By Marlo Glass, MarketFarm
WINNIPEG, May 28 (MarketsFarm) – Intercontinental Exchange (ICE) Futures canola contracts were weaker on Thursday, due to a lack of supportive news from outside markets.
After a British Columbian judge ruled the extradition case against Huawei executive Meng Wanzhou could continue, China accused Canada of acting as an “accomplice” to the United States.
China’s imports of Canadian canola have decreased by about 60 per cent compared to years prior, and there are rumours they will decrease further.
Continued strength in the Canadian dollar kept pressure on canola prices. The dollar was around 72.6 U.S.cents at midday.
On Thursday, 14,439 contracts were traded, which compares with Wednesday when 17,774 contracts changed hands. Spreading accounted for 10,290 contracts traded.
SOYBEAN futures at the Chicago Board of Trade (CBOT) were weaker on Thursday, due to a lack of support from low export demand.
There are reports that China is purchasing Brazilian soybeans instead of U.S. soybeans due to cheaper prices and weakness in Brazil’s currency. However, Brazil has been hit hard by the COVID-19 pandemic, and may be forced to close shipping ports in order to stop the spread of the virus.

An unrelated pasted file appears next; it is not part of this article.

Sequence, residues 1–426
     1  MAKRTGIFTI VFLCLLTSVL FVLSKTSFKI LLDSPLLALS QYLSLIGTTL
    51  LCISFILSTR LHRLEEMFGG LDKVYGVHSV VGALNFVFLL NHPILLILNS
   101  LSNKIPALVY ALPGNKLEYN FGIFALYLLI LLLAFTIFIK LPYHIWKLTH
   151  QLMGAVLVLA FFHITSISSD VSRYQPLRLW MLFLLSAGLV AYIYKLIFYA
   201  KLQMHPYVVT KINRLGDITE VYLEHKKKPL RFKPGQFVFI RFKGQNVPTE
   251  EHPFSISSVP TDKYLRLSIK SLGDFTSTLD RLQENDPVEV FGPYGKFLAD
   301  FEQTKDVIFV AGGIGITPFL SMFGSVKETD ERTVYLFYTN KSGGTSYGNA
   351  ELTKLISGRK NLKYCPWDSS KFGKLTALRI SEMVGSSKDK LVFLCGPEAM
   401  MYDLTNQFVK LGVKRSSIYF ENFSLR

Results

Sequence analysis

CORN futures were stronger today, as economies re-open and demand for ethanol returns.
Data from the Energy Information Administration showed higher production and lower stocks last week. Ethanol stocks totalled just over 23 million barrels, which is the smallest stockpile since January.
WHEAT futures were mixed on Friday.
The European Commission has lowered wheat production forecasts for the European Union by over 4 million tonnes, to total 121 million tonnes.
The Commission also cut exports from the E.U. to total 26.5 million tonnes. The May World Agriculture Supply Demand Estimates (WASDE) expected exports from the EU to total 28 million tonnes.
Ukraine’s wheat crop is expected to total 26.7 million tonnes, which is slightly below previous predictions from the USDA.